Writers enjoyed two workshop sessions at the Young Library as part of Arnold Zable’s visit.
Thankyou everyone for making me feel so welcome in Young.
It was a memorable and enjoyable two days.
I had a wonderful time from the moment I was greeted by Lauren Frith at the Canberra airport on Sunday evening, July 31, to the moment Ted Webber dropped me back off at the airport on Tuesday evening, just two days later.
The 48 hours in between was a magical journey, in a landscape I had never travelled through before.
On the way, I heard many stories, from my hosts, various people I met in town, and, above all, at the workshops, from both adults and local high school students alike.
A number of the stories and the people I met, remain vivid in my mind.
Almost all the stories told and written, were set in Young and the surrounding farmlands, towns and landscapes.
The efforts of a number of key people, with a vision for a thriving arts scene in the Young area, are paving the way for a vibrant, arts culture that will yield many benefits.
These benefits range from the personal, and from the self-understanding which can come from writing, especially among youth, to the collective portrait of the region reflected in creative, reflective and well-crafted stories.
Three people in particular, representing three organisations, were the driving force behind bringing me to Young.
Janice Ottey, innovative manager of the Young library, was one of those people.
Lauren Frith, the dynamic Arts Centre Manager at the Southern Cross Cinema was involved, as was the energetic Ted Webber, president of the Lambing Flat Regional Fellowship of Australian Writers.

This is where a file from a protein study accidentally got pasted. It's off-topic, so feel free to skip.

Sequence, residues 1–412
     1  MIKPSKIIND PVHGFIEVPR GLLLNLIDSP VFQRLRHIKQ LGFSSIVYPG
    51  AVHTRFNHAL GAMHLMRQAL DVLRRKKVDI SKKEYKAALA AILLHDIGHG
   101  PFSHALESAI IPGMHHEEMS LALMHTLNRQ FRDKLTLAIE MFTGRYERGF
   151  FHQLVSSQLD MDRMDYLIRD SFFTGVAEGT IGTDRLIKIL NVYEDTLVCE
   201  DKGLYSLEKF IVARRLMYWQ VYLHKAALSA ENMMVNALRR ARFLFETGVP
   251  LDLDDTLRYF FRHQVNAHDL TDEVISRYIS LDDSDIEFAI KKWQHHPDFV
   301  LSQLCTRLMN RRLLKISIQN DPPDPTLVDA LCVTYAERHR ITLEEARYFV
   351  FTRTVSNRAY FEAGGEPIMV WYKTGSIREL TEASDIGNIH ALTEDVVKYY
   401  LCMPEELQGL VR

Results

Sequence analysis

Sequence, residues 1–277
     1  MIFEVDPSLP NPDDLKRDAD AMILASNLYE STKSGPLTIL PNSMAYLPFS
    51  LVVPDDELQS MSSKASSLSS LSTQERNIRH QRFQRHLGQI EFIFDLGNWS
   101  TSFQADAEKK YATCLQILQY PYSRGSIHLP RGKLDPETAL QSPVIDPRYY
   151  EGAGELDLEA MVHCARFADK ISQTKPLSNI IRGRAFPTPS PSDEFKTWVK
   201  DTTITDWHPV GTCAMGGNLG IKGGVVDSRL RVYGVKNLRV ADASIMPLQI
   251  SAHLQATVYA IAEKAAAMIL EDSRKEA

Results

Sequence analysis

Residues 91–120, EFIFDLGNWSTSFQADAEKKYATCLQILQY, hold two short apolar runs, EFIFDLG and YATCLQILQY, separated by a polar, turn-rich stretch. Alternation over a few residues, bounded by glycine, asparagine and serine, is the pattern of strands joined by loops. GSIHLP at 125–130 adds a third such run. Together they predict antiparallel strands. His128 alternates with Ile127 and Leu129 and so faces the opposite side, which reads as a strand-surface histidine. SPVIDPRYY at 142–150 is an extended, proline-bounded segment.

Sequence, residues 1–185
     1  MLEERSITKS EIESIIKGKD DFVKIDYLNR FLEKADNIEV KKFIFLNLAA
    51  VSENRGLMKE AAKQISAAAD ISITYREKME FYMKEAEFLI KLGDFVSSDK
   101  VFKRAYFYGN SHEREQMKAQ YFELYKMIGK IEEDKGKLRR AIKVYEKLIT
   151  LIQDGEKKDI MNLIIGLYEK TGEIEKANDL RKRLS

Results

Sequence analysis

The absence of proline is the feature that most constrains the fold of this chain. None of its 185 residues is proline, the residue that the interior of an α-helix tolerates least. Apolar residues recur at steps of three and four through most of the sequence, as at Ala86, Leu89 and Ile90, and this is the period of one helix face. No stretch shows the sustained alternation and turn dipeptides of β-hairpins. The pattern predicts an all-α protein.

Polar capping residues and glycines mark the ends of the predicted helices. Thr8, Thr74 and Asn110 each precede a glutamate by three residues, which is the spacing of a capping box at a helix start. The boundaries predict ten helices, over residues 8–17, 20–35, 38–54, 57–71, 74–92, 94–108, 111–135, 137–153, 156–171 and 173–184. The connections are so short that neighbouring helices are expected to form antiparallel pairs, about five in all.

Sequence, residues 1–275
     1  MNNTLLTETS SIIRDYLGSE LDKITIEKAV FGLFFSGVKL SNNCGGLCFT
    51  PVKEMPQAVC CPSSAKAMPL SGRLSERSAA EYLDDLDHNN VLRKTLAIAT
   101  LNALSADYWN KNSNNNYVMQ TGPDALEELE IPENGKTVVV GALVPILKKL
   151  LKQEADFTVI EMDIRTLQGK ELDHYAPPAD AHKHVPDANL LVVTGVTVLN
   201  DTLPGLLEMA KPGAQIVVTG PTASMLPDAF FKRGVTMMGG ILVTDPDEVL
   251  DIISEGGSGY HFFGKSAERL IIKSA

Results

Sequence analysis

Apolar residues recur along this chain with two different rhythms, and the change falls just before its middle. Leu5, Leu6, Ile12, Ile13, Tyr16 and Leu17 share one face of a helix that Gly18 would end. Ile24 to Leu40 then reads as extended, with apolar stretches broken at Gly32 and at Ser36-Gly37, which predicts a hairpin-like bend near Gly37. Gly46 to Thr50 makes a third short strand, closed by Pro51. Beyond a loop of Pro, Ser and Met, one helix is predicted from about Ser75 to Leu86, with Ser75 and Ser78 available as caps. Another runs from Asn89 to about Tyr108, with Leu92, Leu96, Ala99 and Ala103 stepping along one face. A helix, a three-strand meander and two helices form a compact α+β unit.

Janice, Lauren and Ted organised the workshops, drummed up support, and ensured both the adult and the studentworkshops were very well attended.
I was impressed by the quality of the work produced.
If there was one story produced in the workshops that summed it up, it was the simple tale of a farm gate, written by a Year 8 high school student, one of the over 100 students who attended the workshops at the Southern Cross Cinema.
The story was triggered by the recall of a moment, when the gate reflected the brilliant silver light of an early morning sun.
What could so easily remain unnoticed, and taken for granted, was transformed into a potential tale of the challenges of farming life in the region.
There is already a long tradition of creativity in the region — with the legendary Banjo Patterson and Henry Lawson, as early inspirations, and the ancient indigenous culture, the source of songlines and stories that go far back in time.
I heard accounts of local theatre productions, the thriving bush poetry scene, and other ongoing creative ventures.
I look forward to the work of future storytellers, writers and artists in the region, whose works engage with, and build upon these traditions.
Thank you Janice, Lauren and Ted, and the many people who made me feel so welcome.
The two days seemed far longer in time and were a rich and rewarding experience.
More than 50 aspiring writers attended the workshops where Arnold shared his knowledge and passed on many writing tips in a relaxed and easy manner.
Janice Otteysaid it was greatto see the Library used this way.
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